– Scott Anderson,General Manager,Winnipeg LIVESTOCK SALES
“With the rain comes pasture and there is now demand for cows in that region.”
Marketi ngs of cattle in Manitoba during the week ended July 17 were once again confined to roughly three locations in the province as the summer slowdown remained in place. Values for feeder cattle in Manitoba were able to hold at steady levels while prices for cows were again higher.
The cont inued upward move in cow prices was said to reflect good demand for those animals from packers, with the cheaper cuts of meat attracting steady consumer interest.
“Helping to keep the cow bids up were ideas that Alberta producers were now holding on to animals, given the recent moisture improvement,” Scott Anderson, general manager with Winnipeg Livestock Sales said.
He also indicated that there may actually be a shortage of those animals in Alberta, as producers at one point were said to have been aggressive sellers of cows.
“With the rain comes pasture and there is now demand for cows in that region,” Anderson said.
Feeder cattle values also were fully steady, if not a bit better. Good local demand was a factor, but the buyers from the East, West and U. S. were a bit more hesitant to pick up animals, unless they were guaranteed to fill the transport trucks.
With the sparse numbers of cattle at the auction yards, Anderson said, picking up enough cattle to make the truckloads profitable was difficult at best.
“Truck weights into the U. S. are in the 52,000-pound range while (for) movement east or west, trucks are closer to 62,000 pounds.”
LOONIE ON REBOUND
Anderson said some of the price edge was taken off of the feeders and cows by the upward rebound in the value of the Canadian dollar, which went from around the US85-cent level back up to around US90 cents during the week.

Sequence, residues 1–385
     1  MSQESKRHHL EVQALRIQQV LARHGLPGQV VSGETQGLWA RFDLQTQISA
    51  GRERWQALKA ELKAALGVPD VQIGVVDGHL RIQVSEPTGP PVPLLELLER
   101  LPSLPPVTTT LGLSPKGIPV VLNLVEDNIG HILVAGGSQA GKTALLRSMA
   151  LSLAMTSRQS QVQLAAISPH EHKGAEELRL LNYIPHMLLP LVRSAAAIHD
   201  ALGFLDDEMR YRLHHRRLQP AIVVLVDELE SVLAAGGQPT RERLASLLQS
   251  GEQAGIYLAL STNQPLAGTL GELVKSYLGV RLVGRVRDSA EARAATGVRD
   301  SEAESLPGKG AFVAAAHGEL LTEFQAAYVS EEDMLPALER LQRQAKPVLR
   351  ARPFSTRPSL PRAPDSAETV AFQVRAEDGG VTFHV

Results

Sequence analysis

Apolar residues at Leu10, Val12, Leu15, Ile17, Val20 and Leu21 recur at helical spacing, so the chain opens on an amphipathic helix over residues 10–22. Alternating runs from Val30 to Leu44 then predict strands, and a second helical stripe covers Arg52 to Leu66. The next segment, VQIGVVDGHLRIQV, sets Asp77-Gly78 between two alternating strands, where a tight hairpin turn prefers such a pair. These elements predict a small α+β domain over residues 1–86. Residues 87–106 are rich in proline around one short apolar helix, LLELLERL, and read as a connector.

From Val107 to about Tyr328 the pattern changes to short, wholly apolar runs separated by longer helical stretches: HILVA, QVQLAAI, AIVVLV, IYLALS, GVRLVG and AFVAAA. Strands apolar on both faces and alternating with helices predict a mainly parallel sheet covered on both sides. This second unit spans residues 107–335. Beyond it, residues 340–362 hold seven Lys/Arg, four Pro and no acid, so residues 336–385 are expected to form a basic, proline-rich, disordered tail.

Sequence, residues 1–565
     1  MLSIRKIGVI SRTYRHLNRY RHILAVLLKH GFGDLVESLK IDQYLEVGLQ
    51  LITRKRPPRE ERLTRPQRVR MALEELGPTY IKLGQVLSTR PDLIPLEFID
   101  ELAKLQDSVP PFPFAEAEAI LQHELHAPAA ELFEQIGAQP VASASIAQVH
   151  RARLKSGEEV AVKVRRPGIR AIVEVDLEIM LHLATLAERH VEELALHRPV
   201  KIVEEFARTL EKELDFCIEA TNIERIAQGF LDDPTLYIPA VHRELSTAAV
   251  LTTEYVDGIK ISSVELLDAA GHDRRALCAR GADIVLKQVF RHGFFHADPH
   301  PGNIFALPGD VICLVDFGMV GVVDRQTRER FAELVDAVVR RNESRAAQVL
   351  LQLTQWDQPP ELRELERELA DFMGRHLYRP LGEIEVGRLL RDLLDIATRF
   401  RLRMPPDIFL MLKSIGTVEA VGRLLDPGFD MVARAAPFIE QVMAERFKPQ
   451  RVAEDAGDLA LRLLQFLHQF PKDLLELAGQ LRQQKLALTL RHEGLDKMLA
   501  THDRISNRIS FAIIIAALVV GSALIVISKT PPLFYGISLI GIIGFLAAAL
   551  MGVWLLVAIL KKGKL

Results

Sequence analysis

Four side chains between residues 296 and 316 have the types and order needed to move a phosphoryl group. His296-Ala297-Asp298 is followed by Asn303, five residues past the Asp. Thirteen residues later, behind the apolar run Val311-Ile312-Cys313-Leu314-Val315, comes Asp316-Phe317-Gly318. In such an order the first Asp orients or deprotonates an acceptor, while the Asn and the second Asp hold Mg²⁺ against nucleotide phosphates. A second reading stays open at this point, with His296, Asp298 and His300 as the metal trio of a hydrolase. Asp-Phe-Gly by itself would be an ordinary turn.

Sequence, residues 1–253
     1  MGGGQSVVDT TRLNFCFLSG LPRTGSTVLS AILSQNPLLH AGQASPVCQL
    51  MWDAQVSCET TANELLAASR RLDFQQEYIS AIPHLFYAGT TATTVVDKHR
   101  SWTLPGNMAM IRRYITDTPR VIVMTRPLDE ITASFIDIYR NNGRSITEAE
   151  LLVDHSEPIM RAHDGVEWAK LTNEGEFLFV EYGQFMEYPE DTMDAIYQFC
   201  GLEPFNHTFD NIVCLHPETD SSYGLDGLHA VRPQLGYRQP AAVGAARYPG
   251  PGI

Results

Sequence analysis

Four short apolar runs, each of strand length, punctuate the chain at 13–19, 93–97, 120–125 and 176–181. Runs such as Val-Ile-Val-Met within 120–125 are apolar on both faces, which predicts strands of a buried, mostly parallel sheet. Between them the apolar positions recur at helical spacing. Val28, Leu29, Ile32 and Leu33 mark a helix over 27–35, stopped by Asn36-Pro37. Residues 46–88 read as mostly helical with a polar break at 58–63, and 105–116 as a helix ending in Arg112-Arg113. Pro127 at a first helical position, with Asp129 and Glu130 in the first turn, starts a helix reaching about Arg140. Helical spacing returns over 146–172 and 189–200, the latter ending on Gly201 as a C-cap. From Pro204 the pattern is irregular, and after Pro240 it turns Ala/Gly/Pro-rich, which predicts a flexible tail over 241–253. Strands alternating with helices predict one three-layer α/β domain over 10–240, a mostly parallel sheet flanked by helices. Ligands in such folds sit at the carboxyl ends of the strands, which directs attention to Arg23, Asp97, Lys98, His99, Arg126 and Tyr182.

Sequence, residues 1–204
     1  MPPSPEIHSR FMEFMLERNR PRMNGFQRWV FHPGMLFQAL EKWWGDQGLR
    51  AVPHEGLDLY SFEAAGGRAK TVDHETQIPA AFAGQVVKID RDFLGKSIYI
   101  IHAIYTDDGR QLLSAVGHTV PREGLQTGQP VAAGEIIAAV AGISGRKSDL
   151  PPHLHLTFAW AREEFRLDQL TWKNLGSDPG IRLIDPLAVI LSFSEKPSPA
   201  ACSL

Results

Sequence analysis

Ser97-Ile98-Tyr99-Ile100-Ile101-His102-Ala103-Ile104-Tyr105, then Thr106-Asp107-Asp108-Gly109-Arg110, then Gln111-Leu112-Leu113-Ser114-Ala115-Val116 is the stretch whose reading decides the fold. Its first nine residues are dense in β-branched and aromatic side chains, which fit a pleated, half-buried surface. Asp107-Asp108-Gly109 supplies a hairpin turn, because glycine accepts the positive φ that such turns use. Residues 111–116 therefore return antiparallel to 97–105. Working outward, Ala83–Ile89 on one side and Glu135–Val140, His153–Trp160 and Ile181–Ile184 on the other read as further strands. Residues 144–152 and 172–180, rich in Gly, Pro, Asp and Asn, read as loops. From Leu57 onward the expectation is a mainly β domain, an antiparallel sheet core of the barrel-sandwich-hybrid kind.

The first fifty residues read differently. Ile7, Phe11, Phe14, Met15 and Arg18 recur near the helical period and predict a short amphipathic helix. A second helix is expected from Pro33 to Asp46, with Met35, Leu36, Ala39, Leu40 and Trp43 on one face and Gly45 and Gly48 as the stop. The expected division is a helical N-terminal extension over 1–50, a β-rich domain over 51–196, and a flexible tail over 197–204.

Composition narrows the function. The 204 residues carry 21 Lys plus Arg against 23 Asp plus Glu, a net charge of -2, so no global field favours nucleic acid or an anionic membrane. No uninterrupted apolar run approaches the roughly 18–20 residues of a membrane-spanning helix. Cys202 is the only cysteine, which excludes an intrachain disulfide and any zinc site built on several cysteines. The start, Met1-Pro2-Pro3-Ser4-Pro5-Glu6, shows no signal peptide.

George Davis, a currency analyst with RBC Capital in Toronto, predicted that the currency’s direction will largely depend on the trend in the North American equity sector and in which direction global crude oil futures move.
The Canadian unit could retrace its steps back to the US87.56-cent level, if crude oil is unable to hold above the US$60-per-barrel mark.
However, if the investor risk appetite remains against the U. S. currency, the Canadian dollar may make a move toward the US91.47-cent level. Depending on the momentum, the Canadian unit could also push as high as the US92.42-cent mark, Davis said.
Meanwhile, Anderson also warned producers that hay supplies in Manitoba could be in short supply this winter, as the crop in the province remains at least a month behind in most areas, with quantity and quality both looking pretty poor.
Some caution to producers was also urged given the extremely wet conditions in Manitoba. Foot rot was cited as an example of a problem with cattle standing in too much water.
FROM THE AUCTION FLOORS
Note: All prices in Canadian dollars per hundredweight (cwt.). These prices also generally represent the top one-third of sales reported by the auction yard.
Ashern Livestock Mart: Closed until mid-August.
Gladstone Auction Mart: The last sale was held July 7. Auctions will start again on Aug. 12.
Grunthal Livestock Auction Mart: The next cattle auction was scheduled to be held July 22.
Heartland Livestock Services, Brandon: There was no data available this week. Auctions will be held on Tuesdays only during the summer months.
Heartland Livestock Services, Virden: There were about 439 cattle sold at the sale held on July 15. Butcher steers brought $79-$81.75 while butcher heifers sold from $78 to $81. Ageverified/ young cows sold for $50-$55.50; D1-D2 cows, $46-$51; D3 cows, $40-$46; shelly cows, $32-$40; and mature bulls, $62-$68.50.
Feeder steers weighing 900-1,000 lbs. brought $88-$97; 800-900 lbs., $93-$102; 700-800 lbs., $98-$107; 600-700 lbs., $100-$112; 500-600 lbs., $103-$114; and 400-500 lbs., $105-$117.
Feeder heifers weighing 900-1,000 lbs., traded from $78 to $87; 800-900 lbs., $86-$95; 700-800 lbs., $87-$99; 600-700 lbs., $90-$101; 500-600 lbs., $92-$103; and 400-500 lbs., $93-$104.
There will be no changes to the cattle auction schedule at Virden during the summer months.
Pipestone Livestock Sales: Closed until Aug. 10.
Ste. Rose Auction Mart: There will be no auctions during the month of July.
Taylor Auctions, Melita: There will be no auctions during the month of July.
Winnipeg Livestock Sales: There were about 235 head of cattle sold at the sale on Tuesday, July 14.
In the slaughter market, choice steers and heifers brought $78-$81 and select steers and heifers, $74-$78, while dry fed cows brought $44-$49; good fleshed, $39-$44; lean, $29-$39; young age verified, $45-$57.50; and good bulls, $50-$57.50.
Feeder steers weighing 800-900 lbs. brought up to $90; 700-800 lbs., up to $93.50; 600-700 lbs., up to $113; and 500-600 lbs., up to $119.50.
Heifers weighing 600-700 lbs. brought up to $105.50 and 500-600 lbs., up to $91.
Cattle auctions will be held once a week on Tuesdays at Winnipeg during the summer months.